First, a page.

Flamborough Head is one of the most stunning natural sites in Yorkshire. It is a chalk headland that plunges into the North Sea, forming tall white cliffs. The cliffs start at Bridlington and they stretch on 6 mi. They progressively become higher towards the north face of the headland, reaching a height of 330 feet at Bempton Cliffs. There, the cliffs are made of a greyer and harder stone.
The headland can be reached by car; there are several car parks including one close to the very end of the promontory. The site can also be visited on foot from the train stations of Bempton and Bridlington. A path follows the edge of the cliffs all around the headland, offering outstanding views. It is possible to walk all along the cliffs from Bridlington to Bempton – around 12 mi.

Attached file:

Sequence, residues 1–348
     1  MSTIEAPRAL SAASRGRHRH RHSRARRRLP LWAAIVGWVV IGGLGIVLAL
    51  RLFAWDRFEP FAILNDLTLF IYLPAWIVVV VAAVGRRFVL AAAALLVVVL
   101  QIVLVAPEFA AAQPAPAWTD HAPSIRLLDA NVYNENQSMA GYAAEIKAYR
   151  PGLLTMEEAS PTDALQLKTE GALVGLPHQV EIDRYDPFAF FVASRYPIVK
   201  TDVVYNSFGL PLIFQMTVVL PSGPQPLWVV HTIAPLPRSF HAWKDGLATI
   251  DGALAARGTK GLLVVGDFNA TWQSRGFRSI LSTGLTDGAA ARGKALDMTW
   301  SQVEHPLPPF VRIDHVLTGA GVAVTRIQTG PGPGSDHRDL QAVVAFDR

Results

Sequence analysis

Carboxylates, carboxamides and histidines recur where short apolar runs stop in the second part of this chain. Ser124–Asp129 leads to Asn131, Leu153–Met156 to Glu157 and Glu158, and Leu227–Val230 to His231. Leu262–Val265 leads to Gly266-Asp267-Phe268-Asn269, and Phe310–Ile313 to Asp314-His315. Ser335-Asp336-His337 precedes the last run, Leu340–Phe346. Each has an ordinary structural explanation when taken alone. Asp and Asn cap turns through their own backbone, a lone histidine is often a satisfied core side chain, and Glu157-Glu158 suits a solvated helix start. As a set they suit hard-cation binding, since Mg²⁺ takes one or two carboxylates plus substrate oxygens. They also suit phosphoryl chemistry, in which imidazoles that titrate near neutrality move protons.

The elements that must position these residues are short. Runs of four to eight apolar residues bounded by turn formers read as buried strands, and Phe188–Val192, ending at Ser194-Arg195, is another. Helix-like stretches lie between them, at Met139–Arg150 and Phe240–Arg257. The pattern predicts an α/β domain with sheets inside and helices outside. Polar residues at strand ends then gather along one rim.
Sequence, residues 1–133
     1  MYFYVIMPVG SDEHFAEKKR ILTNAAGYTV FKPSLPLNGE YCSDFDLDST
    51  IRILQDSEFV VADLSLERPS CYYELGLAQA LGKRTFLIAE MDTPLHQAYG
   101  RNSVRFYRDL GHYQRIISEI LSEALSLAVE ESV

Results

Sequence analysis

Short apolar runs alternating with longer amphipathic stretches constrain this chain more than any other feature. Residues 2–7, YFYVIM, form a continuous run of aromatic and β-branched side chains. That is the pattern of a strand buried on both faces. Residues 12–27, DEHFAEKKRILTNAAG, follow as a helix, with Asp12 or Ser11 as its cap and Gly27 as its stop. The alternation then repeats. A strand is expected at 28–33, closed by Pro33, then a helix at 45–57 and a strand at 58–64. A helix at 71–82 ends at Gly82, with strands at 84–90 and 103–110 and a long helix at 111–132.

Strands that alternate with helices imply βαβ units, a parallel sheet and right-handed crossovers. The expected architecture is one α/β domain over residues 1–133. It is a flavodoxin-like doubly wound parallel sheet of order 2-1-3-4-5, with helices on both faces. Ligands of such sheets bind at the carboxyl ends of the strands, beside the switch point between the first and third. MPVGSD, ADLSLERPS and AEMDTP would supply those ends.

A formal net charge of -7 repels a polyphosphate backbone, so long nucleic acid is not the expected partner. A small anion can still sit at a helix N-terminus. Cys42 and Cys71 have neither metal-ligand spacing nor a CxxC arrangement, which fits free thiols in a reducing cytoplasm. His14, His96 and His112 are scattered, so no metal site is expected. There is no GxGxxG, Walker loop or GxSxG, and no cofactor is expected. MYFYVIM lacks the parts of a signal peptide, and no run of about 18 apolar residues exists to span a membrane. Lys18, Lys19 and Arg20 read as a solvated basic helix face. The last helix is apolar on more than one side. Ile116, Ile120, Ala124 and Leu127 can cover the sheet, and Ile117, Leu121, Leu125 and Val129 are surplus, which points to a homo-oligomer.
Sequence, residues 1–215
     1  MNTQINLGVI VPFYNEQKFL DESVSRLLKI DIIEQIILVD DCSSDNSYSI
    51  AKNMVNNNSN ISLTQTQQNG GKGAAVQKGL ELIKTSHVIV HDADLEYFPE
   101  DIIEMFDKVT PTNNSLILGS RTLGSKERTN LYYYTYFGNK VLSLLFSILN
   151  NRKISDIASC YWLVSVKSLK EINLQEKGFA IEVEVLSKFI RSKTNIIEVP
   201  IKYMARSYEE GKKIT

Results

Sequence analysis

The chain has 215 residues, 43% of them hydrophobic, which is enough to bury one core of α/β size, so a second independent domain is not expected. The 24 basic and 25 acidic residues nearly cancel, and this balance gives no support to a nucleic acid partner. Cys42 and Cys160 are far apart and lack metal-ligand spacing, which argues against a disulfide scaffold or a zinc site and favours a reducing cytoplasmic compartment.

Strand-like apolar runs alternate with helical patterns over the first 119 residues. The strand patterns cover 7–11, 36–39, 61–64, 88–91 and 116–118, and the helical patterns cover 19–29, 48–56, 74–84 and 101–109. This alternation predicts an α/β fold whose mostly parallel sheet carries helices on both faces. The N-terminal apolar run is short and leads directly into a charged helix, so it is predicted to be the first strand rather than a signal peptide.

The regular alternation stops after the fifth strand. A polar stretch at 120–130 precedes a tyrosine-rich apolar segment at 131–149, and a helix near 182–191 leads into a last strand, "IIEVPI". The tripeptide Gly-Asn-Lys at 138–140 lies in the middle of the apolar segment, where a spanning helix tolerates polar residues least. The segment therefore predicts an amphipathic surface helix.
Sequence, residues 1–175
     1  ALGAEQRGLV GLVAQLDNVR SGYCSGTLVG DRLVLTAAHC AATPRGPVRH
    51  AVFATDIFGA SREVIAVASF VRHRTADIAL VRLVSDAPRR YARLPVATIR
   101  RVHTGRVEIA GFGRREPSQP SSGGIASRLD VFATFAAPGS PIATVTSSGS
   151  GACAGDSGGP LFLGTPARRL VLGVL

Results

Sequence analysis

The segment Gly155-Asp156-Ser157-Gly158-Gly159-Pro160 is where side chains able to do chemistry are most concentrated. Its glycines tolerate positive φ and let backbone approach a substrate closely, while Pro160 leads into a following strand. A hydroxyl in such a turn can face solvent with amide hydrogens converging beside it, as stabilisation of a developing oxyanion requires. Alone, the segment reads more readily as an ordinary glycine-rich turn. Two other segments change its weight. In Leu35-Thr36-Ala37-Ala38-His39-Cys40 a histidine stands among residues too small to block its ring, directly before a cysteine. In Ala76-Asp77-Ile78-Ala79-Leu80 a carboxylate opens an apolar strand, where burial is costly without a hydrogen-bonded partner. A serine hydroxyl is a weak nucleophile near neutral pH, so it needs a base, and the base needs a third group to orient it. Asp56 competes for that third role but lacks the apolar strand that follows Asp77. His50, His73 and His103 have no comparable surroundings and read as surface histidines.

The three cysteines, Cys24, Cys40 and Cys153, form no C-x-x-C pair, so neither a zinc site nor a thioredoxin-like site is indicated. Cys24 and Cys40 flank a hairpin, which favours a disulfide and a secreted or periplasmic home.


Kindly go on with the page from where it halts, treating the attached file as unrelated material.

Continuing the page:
The cliffs at Flamborough and Bempton are the only white sea cliffs in the North of England. They constitute the very end of the Yorkshire Wolds, a range of chalk hills which is located between the East Riding and North Yorkshire. Flamborough and Bempton are of high value for geologists as they display all sorts of rock formations – caves, pillars, natural arches.
The headland is also popular among birdwatchers – it hosts a huge number of seabirds, notably a vast colony of Northern gannets. It is also easy to spot seagulls, cormorants, oystercatchers and eiders. While the top of the headland is covered with quiet meadows, the cliffs are populated with hundreds of birds whose noise can be quite impressive. The best time of the year to watch the birds is in spring and summer when they are nesting.
Bempton Cliffs are managed by the RSBP which provides visitors with viewpoints, a car park and an information centre. These are located 1 mi from the village of Bempton, and 5 mi from Bridlington.
Around Flamborough Head: